A disparate group are trapped on a remote island by a hurricane. On the island, a doctor works to make humans twice as small as we already are. This, apparently, will help prevent over population. Unfortunately, his experiments have also created some giant shrews. As the shrews run out of smaller animals to eat, they move in on the people in the house.Written by
Dan Whitehead <firstname.lastname@example.org>
As Thorne and Jerry are fighting at the gate, Ann and Radford look out the window to see what's going on. In the close-up, Ann is wearing a black top, even though she had just changed into a white blouse. When Thorne comes back into the house after the fight, Ann is again wearing the white blouse. See more »
Those who hunt by night will tell you that the wildest and most vicious of all animals is the tiny shrew. The shrew feeds only by the dark of the moon. He *must* eat his own body weight every few hours - or starve. And the shrew devours *everything*: bones, flesh, marrow... everything. In March, first in Alaska, and then invading steadily southward, there were reports of a new species: the giant, *killer* shrew.
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The original uncut version contains a brief prologue explaining what a shrew is. In the most common public domain print, this prologue has been completely removed except for the final line of narration ("There were reports of a new species...the giant killer shrew.") which introduces the main title. See more »
Okay, I'll risk it— for a 50's drive-in flick, the movie's rather competently made, even on a severe budget. On the whole, it's well-acted, colorfully photographed, and briskly directed. On the other hand, the waggy-tail shrews are too doggy-like to frighten, unless you're a kitty cat. Fortunately, they're mostly photographed in quick shrouded fashion. Also, the "tank' makes for a funny and cleverly motivated appearance. At the same time, the plot itself is formula familiar— a scientific experiment gone wrong, along with a hero, a shapely blonde, and a bad guy, all trapped on an island with killer monsters at the door. To me, the formula works, even if about as familiar as my old shoes.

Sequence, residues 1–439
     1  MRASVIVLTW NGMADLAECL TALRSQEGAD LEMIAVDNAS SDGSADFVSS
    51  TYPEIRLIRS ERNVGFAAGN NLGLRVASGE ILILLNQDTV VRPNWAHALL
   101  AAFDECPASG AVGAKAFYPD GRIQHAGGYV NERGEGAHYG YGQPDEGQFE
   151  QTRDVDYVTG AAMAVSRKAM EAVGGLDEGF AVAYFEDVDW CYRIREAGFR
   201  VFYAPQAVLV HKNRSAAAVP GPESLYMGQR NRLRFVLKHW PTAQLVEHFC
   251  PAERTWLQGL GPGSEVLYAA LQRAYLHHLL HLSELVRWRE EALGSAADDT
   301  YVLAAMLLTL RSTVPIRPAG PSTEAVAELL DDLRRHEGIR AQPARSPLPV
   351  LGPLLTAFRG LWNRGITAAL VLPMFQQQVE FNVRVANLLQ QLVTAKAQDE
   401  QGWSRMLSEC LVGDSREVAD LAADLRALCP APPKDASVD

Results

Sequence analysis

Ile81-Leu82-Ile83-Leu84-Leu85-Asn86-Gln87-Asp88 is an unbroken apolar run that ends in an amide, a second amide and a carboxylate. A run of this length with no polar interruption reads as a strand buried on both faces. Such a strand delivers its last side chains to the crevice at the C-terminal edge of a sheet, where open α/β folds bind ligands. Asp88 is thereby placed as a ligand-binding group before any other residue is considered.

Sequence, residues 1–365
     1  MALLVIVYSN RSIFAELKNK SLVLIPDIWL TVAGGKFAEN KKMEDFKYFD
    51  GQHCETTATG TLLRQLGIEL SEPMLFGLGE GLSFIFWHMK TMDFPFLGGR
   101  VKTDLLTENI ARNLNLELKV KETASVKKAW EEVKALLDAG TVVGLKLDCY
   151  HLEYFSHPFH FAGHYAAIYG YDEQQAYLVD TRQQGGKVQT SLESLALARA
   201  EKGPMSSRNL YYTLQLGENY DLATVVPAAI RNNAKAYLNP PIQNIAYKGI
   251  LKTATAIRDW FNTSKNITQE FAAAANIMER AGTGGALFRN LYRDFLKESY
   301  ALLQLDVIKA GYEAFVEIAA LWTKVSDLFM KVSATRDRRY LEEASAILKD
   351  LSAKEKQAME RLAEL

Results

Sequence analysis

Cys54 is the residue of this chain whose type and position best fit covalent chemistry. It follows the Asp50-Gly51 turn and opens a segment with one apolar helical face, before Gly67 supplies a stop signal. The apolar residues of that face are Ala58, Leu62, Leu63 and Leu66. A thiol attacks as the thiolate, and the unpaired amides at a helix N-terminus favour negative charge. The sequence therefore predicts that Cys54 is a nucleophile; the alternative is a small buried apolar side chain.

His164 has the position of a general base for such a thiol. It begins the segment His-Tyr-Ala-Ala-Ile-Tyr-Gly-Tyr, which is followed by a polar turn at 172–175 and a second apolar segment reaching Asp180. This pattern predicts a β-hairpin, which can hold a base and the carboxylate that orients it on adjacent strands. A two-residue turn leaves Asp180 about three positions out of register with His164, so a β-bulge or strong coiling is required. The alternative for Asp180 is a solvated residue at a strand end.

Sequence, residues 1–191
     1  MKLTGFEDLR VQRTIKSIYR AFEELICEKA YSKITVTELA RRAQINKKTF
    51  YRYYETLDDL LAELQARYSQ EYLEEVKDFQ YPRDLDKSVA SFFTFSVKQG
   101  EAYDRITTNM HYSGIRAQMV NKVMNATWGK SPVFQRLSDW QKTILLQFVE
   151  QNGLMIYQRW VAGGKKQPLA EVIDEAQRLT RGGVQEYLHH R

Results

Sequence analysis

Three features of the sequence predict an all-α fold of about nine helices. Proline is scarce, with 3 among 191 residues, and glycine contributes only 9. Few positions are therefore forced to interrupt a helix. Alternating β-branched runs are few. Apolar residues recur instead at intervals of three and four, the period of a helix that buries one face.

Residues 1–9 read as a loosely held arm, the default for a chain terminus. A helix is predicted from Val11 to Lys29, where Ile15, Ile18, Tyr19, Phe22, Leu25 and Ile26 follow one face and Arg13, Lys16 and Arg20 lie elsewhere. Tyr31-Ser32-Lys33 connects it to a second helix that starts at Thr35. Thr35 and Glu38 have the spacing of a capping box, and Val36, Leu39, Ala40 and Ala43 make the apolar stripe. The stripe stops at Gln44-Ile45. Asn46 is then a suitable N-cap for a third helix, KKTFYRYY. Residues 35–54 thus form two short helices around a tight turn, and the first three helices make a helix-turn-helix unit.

A couple of nice touches. The primitive "tank" may look silly, especially with its underpowered three person motor, but is an imaginative one-of-a-kind. Just don't look for it at a Nascar speedway. Note too, how the professor's boring exposition on the nature of shrews is enlivened by Ann's (Goude) fearful background behavior. Thus a dull pill gets some fizz.
As a 50's drive-in vet, I'm a bit puzzled how so many folks find the 69-minutes a camp classic. Sure, it's got amusingly goofy aspects. But frankly, I found it more entertaining than funny, even if forgettable.
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